Saturday, November 14, 2009
13 November 2009
IN September 1998, David Buechner, then 39, a prominent classical pianist, came out as a transgender woman, explaining that from then on, she would live and perform as Sara Davis Buechner. The pianist had been accustomed to rave reviews (at 24, David, in his New York City concert debut, was called “an extraordinary young artist” by a New York Times critic). But the debut as Sara, reported in a Times magazine article, was not so well received, even by loved ones. . . .Read More
14 November 2009
After 17 years with the Dallas Police Department, Officer Joseph Grabowski showed up at work one day sporting makeup, a feminine hairstyle and a new first name: Deborah.
The 44-year-old officer was scared and relieved that the secret was finally out.
"I have always felt like a woman and, suddenly, everybody knew I was going to have the surgery to make it real," she said.
Because the city of Dallas does not offer health insurance coverage for sex-change operations, Grabowski paid for the costly procedure herself.
In recent years, a few cities – and a growing number of private employers – have decided to cover the cost of these surgeries, and the city of Fort Worth is considering whether to join them. . . .Read More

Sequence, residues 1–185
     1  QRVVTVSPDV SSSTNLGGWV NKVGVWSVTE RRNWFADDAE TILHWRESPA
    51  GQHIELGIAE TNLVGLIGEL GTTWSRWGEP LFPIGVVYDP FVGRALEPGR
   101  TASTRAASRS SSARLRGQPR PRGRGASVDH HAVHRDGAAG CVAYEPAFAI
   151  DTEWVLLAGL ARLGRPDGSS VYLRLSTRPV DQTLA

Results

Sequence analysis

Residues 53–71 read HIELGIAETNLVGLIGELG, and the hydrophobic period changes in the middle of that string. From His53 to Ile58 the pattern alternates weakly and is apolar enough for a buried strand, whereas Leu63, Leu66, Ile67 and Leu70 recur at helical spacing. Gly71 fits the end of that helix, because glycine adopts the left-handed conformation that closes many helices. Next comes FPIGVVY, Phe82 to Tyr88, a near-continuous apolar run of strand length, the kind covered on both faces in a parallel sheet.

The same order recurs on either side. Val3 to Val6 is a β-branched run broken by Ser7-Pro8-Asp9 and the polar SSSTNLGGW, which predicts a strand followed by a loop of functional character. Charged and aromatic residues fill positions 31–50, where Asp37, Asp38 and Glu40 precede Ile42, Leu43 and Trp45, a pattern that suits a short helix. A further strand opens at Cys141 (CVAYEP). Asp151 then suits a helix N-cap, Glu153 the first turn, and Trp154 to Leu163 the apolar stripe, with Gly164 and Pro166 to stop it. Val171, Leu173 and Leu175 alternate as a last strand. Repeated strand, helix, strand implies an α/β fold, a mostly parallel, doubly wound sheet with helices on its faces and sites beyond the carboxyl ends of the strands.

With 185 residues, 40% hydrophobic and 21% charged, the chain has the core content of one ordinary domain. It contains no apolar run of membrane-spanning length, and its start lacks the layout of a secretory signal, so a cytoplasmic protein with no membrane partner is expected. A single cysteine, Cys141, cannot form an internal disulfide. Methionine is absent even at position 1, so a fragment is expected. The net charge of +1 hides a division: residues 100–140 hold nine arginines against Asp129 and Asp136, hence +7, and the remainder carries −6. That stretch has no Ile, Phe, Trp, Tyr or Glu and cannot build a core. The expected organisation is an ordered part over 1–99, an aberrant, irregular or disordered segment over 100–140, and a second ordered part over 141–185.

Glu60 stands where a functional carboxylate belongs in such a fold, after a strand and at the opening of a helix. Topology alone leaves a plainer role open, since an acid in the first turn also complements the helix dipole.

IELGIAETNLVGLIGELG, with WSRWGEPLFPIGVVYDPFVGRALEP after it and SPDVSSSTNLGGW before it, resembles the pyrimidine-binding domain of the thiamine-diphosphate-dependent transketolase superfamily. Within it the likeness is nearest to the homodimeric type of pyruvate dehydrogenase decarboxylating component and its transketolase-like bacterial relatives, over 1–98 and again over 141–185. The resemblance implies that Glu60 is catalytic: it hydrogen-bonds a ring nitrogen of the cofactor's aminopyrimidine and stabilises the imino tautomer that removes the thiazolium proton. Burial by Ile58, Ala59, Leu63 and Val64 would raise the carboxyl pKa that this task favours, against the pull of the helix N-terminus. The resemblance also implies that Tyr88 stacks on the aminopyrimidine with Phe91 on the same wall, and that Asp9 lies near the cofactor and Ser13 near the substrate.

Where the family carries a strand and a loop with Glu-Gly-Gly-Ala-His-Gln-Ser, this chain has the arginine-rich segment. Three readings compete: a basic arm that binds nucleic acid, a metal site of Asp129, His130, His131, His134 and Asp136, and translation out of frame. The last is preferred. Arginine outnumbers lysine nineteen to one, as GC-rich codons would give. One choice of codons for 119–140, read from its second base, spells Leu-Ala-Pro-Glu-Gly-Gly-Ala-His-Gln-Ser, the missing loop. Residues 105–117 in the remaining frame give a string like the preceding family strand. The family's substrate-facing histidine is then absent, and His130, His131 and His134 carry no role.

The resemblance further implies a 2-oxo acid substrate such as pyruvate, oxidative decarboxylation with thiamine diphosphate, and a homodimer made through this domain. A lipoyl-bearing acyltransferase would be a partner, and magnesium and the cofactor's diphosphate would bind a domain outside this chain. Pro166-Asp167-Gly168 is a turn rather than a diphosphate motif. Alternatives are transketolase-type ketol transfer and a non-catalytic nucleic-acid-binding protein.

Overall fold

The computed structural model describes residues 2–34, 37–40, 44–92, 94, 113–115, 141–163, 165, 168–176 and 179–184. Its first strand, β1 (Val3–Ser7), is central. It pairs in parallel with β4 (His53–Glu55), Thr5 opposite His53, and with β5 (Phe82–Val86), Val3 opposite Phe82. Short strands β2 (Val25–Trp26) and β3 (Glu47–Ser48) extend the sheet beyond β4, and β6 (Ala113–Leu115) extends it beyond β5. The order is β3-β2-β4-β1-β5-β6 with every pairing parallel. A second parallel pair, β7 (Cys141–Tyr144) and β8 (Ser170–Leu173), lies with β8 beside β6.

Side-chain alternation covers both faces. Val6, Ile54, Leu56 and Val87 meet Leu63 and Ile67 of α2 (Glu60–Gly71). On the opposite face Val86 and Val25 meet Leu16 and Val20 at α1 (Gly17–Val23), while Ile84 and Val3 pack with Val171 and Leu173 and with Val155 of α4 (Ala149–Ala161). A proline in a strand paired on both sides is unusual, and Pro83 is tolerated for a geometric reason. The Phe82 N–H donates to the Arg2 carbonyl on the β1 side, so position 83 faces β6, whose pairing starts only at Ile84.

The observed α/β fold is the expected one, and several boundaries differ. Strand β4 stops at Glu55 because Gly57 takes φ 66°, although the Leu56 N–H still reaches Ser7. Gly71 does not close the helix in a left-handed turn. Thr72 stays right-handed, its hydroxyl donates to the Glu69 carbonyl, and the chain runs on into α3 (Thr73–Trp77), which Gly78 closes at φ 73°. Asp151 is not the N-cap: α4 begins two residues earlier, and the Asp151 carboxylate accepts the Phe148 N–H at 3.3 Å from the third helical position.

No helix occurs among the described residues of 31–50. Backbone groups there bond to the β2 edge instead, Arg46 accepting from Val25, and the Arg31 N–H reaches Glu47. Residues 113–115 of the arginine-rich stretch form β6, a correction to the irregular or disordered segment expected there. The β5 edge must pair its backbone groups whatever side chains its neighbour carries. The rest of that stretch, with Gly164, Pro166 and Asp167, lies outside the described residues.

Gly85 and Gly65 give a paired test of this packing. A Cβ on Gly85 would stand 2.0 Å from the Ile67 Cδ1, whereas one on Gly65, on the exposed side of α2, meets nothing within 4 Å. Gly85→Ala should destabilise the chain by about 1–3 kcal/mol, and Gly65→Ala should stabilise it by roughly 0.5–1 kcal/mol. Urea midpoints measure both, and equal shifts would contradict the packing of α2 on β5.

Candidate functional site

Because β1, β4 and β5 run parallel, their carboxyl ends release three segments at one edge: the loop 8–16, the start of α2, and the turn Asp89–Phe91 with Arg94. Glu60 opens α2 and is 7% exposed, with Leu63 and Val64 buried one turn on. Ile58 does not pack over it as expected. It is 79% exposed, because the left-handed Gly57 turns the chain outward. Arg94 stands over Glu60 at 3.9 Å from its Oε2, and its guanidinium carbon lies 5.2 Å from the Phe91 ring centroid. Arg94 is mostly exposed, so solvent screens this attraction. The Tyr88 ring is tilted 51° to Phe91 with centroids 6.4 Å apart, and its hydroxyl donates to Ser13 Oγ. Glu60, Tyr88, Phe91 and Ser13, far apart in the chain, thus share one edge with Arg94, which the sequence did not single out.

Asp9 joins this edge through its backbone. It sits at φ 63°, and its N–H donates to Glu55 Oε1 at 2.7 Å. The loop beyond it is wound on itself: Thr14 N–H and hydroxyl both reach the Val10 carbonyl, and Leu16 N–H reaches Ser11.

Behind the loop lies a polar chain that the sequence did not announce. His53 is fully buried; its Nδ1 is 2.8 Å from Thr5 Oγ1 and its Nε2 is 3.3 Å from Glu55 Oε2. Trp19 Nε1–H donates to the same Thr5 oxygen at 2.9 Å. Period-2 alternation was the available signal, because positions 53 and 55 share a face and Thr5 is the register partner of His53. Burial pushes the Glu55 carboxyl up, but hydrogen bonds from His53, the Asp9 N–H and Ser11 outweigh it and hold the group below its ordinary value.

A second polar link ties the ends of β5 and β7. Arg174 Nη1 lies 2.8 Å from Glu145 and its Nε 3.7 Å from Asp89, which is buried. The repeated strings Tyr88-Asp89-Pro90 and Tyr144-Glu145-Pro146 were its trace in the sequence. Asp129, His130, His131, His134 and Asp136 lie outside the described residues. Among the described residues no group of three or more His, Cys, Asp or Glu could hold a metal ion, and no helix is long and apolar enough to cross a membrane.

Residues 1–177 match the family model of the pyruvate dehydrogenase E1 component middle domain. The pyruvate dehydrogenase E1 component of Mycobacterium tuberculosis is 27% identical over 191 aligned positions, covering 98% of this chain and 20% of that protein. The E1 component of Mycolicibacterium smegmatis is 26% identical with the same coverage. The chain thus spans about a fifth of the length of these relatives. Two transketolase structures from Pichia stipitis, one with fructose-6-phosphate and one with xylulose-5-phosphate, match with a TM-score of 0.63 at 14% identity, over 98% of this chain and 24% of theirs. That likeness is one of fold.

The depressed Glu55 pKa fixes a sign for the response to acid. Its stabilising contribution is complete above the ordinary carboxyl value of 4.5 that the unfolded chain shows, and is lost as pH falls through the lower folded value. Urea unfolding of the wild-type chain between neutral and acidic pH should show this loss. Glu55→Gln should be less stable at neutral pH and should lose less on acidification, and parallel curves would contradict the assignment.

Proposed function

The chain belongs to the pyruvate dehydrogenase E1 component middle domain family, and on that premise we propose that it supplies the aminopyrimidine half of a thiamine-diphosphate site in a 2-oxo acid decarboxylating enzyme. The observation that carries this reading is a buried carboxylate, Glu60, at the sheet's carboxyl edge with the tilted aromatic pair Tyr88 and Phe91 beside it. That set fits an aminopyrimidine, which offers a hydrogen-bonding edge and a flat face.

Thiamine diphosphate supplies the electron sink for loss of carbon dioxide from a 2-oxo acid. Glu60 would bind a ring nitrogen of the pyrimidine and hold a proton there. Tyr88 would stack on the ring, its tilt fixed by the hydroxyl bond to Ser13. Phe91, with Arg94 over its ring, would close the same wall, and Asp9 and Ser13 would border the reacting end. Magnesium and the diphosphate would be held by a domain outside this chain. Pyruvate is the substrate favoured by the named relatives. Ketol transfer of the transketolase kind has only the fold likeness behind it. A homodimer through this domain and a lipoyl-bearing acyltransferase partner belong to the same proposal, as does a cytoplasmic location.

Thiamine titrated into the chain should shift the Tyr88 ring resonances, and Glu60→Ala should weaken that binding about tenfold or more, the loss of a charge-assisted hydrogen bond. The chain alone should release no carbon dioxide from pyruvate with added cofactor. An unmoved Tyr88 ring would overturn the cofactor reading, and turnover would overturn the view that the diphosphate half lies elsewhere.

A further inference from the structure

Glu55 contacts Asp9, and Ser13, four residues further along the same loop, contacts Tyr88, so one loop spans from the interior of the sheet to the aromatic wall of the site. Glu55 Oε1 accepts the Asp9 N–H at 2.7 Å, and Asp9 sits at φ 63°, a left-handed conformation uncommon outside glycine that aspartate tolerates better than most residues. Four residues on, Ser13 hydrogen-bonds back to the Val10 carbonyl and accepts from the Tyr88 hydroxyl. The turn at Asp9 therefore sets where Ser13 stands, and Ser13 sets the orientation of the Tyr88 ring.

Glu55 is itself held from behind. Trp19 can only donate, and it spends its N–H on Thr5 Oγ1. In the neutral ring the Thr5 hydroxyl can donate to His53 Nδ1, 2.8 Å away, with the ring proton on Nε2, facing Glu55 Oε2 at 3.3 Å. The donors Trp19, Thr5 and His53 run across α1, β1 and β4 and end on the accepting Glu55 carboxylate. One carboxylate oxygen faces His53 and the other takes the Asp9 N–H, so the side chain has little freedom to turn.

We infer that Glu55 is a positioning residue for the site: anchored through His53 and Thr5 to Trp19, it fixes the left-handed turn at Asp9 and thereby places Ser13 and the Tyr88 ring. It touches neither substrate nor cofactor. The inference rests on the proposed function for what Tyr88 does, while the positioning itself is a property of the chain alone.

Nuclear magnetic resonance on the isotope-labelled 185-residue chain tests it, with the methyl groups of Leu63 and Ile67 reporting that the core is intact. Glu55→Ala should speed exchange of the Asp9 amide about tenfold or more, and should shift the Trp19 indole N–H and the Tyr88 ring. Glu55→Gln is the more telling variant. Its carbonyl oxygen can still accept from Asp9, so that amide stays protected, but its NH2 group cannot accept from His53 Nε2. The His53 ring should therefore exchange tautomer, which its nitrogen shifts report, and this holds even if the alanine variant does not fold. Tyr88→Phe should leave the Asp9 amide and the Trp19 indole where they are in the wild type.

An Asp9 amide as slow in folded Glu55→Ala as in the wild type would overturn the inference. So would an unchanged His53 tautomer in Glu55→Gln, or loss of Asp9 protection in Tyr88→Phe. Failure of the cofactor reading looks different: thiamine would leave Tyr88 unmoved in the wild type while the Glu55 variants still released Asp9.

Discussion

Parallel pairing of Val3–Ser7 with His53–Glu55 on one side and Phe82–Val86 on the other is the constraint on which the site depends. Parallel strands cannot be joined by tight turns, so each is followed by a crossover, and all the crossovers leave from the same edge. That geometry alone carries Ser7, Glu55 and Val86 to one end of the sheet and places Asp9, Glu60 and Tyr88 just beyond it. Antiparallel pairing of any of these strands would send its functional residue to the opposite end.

November 13, 2009
The fashion industry may have a long-standing tendency to exclude certain groups and cultures, but more and more we’re seeing this change as people begin challenging the status quo. Now the transsexual community is getting a voice with a new style publication. Billed as “the first transversal fashion magazine,” Candy has just debuted its premiere issue in a limited-edition circulation of only 1,000 copies. . . .Read More
9 November 2009
One day artificial penis tissue could be grown to help men, new findings in rabbits now suggest.
After implantation with replacement tissue, lab rabbits that once had damaged penises had working organs and could produce offspring.
"Further studies are required, of course, but our results are encouraging and suggest that the technology has considerable potential for patients who need penile reconstruction," said researcher, director of for Regenerative Medicine in Winston-Salem, N.C.
Such methods could potentially aid men who just want to enhance their normal penises, rather than repairing any damage.
"Our intent and the goal of our work is to provide a solution for men who need penile erectile tissue for medical reasons," Atala told LiveScience. "Of course, you cannot control how the technology is used in terms of what patients want.". . .Read More